Bolsonaro’s words encouraging Brazilians to ignore social isolation

. May 05, 2020
social isolation bolsonaro No masks, no distancing: Bolsonaro supporters outside of the presidential palace. Photo: Marcos Corrêa/PR

Since the beginning of the Covid-19 pandemic, Brazil’s far-right President Jair Bolsonaro has been a global outlier among major world leaders by downplaying the severity of the disease, famously referring to it as a “little flu.” While his opposition to social distancing has caused no concrete change to public policy around the country — state governors are in charge of these decisions within their own territorial lines and all have employed some form of social distancing measures — the fear among health experts is that the president’s message may encourage citizens to disobey confinement rules.

</p> <p>A <a href="">recently published study</a> by the University of Cambridge — in conjunction with the Fundação Getúlio Vargas São Paulo School of Economics — has attempted to quantify to what extent President Bolsonaro&#8217;s words and actions have had an impact on the population&#8217;s behavior during the Covid-19 pandemic. The results show that Mr. Bolsonaro&#8217;s anti-isolation message has reduced the overall rate of social distancing in Brazil, particularly in municipalities that showed the most pronounced support for the president in the 2018 election. Consequently, the number of confirmed Covid-19 cases in these &#8220;less obedient&#8221; municipalities has also increased.</p> <h2>Brazilians listen to Bolsonaro</h2> <p>The study considers two important dates as a starting point to measure social isolation trends: March 15 and March 24. On the former, Jair Bolsonaro joined <a href="">anti-democratic street protests in Brasilia</a>, despite the Health Ministry warning the event should be called off due to the elevated risk of contagion. Beyond simply waving to the crowd, Mr. Bolsonaro — who was suspected to have been carrying the coronavirus at the time — greeted the protesters, taking photographs and having physical interactions with<a href=""> at least 272 people</a>.</p> <p>On March 24, the president addressed the nation in a televised speech, referring to Covid-19 as a &#8220;little flu&#8221; and &#8220;the sniffles,&#8221; claiming that it wouldn&#8217;t affect him personally due to his &#8220;athletic past.&#8221; He also criticized the closure of schools and urged the population to return to work.</p> <p>Using granular location data from tens of millions of mobile phones across the country — which the researchers stress are anonymous — the study plots the effects on social distancing measures in the aftermath of these two major examples of Jair Bolsonaro&#8217;s anti-isolation campaigning.</p> <p>Below, we see the average effect of social distancing nationwide, with t=0<em> </em>representing March 15 and March 24. What we see is a clear decrease in adherence to isolation measures after each one of these crucial data points.&nbsp;&nbsp;&nbsp;</p> <div class="wp-block-image"><figure class="aligncenter"><img src="" alt="Bolsonaro social distancing" class="wp-image-38199" srcset=" 633w, 300w, 610w" sizes="(max-width: 633px) 100vw, 633px" /></figure></div> <p>However, when looking at &#8220;pro-Bolsonaro&#8221; municipalities — those where his support in the 2018 election was over 50 percent — the downward trend becomes even more precise. The first chart measures the effects on social distancing in all Bolsonaro-supporting cities, while the second figure takes only those pro-government municipalities located within equally pro-government states.</p> <div class="wp-block-image"><figure class="aligncenter"><img src="" alt="social distancing voters jair bolsonaro" class="wp-image-38197" srcset=" 640w, 300w, 610w" sizes="(max-width: 640px) 100vw, 640px" /></figure></div> <div class="wp-block-image"><figure class="aligncenter"><img src="" alt="covid-19 bolsonaro" class="wp-image-38198" srcset=" 640w, 300w, 610w" sizes="(max-width: 640px) 100vw, 640px" /></figure></div> <p>As we can see, the reduction in social isolation in these pro-Bolsonaro municipalities is far less ambiguous than the national average. Both show a marked decrease in distancing for over a week after both Mr. Bolsonaro&#8217;s participation in anti-democratic rallies and his anti-isolation address to the nation.</p> <h2>Less isolation = more Covid-19</h2> <p>In a bid to contextualize exactly how harmful such a decrease in social isolation can be, the researchers took the log data for Covid-19 cases in Brazil and overlaid it on their same time charts.</p> <div class="wp-block-image"><figure class="aligncenter"><img src="" alt="coronavirus brazil" class="wp-image-38200" srcset=" 550w, 300w" sizes="(max-width: 550px) 100vw, 550px" /></figure></div> <div class="wp-block-image"><figure class="aligncenter"><img src="" alt="Less isolation = more Covid-19" class="wp-image-38201" srcset=" 640w, 300w, 610w" sizes="(max-width: 640px) 100vw, 640px" /></figure></div> <p>Though there are caveats with Brazil&#8217;s official Covid-19 reporting — such as a low rate of testing, delays in diagnoses, and inconsistencies in reporting between states and municipalities — the general trend of cases shows an increase after both March 15 and March 24, compared to the ten days that preceded these events. Once again, the rise in cases is sharper in pro-Bolsonaro municipalities.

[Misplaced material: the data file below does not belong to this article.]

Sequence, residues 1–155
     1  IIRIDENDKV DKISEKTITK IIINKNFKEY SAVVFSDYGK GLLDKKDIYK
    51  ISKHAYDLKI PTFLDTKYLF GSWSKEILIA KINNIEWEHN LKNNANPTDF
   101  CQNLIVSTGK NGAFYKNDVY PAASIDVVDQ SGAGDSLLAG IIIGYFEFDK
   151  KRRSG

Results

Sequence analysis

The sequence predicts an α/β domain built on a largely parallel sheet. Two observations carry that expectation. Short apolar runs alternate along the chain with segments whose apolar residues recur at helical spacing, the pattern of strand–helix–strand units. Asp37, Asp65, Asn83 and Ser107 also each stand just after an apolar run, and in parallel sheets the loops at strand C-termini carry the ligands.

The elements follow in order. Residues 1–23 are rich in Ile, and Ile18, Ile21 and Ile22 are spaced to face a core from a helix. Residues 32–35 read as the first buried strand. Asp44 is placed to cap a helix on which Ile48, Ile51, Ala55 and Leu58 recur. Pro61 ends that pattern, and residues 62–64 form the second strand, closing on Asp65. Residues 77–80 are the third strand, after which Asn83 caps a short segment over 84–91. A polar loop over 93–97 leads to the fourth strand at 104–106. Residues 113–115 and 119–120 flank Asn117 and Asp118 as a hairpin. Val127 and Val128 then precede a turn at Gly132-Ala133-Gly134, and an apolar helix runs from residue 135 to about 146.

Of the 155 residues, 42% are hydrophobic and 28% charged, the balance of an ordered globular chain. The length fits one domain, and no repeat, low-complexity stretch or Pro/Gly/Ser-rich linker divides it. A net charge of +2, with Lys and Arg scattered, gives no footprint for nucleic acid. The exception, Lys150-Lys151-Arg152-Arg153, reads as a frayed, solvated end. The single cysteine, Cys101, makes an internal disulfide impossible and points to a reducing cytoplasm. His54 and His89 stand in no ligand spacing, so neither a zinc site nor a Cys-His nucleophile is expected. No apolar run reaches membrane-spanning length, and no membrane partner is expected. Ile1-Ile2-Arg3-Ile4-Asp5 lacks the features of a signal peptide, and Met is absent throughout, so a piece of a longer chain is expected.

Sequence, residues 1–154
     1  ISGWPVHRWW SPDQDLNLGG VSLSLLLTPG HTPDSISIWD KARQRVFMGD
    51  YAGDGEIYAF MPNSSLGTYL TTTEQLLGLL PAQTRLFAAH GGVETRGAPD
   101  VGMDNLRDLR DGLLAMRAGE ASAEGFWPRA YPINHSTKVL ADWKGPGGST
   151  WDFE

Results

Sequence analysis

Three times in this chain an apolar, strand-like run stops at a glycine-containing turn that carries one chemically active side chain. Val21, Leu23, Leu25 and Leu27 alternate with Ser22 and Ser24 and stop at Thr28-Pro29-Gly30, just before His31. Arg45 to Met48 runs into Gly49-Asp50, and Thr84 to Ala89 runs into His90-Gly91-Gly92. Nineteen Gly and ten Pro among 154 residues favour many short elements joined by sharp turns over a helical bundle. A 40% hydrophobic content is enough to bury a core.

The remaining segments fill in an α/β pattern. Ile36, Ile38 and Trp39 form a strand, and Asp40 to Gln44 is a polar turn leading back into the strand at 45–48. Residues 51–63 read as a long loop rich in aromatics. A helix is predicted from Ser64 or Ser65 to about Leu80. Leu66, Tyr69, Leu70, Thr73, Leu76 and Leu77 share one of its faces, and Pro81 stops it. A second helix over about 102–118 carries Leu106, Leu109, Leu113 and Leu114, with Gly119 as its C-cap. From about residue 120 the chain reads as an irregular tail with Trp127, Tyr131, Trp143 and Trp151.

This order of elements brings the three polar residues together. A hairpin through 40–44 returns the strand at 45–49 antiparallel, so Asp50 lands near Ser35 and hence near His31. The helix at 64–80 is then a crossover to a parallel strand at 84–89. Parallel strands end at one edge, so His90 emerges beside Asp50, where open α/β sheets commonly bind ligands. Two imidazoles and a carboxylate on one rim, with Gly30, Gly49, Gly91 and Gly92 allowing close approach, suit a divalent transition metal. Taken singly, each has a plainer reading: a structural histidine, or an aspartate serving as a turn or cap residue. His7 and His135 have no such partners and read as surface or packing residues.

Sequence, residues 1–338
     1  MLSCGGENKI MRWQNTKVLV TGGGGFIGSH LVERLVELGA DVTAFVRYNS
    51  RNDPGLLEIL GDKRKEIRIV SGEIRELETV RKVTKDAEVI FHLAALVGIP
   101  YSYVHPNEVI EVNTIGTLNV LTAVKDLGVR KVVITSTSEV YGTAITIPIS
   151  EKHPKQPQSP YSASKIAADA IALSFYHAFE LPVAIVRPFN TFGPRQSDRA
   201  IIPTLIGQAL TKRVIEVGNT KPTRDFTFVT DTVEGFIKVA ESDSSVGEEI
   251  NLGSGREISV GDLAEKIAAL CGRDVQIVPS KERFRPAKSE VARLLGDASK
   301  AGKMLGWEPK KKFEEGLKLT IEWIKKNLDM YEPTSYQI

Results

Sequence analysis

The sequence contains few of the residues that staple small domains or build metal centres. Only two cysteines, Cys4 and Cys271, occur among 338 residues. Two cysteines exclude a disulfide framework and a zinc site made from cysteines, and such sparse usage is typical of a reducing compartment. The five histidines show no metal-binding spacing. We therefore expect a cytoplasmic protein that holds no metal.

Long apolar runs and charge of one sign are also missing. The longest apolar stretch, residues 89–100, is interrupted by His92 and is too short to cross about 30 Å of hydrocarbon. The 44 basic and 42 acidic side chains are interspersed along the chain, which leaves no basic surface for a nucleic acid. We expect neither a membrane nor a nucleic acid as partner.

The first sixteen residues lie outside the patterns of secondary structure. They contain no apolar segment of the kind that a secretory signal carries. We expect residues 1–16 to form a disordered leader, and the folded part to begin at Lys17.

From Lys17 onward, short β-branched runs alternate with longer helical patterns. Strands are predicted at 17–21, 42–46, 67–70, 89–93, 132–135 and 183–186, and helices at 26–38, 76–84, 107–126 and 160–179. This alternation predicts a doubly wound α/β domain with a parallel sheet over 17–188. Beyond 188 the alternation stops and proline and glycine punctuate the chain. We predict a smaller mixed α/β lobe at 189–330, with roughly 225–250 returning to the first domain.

Euan Marshall

Originally from Scotland, Euan Marshall is a journalist who ditched his kilt and bagpipes for a caipirinha and a football in 2011, when he traded Glasgow for São Paulo. Specializing in Brazilian soccer, politics and the connection between the two, he authored a comprehensive history of Brazilian soccer entitled “A to Zico: An Alphabet of Brazilian Football.”

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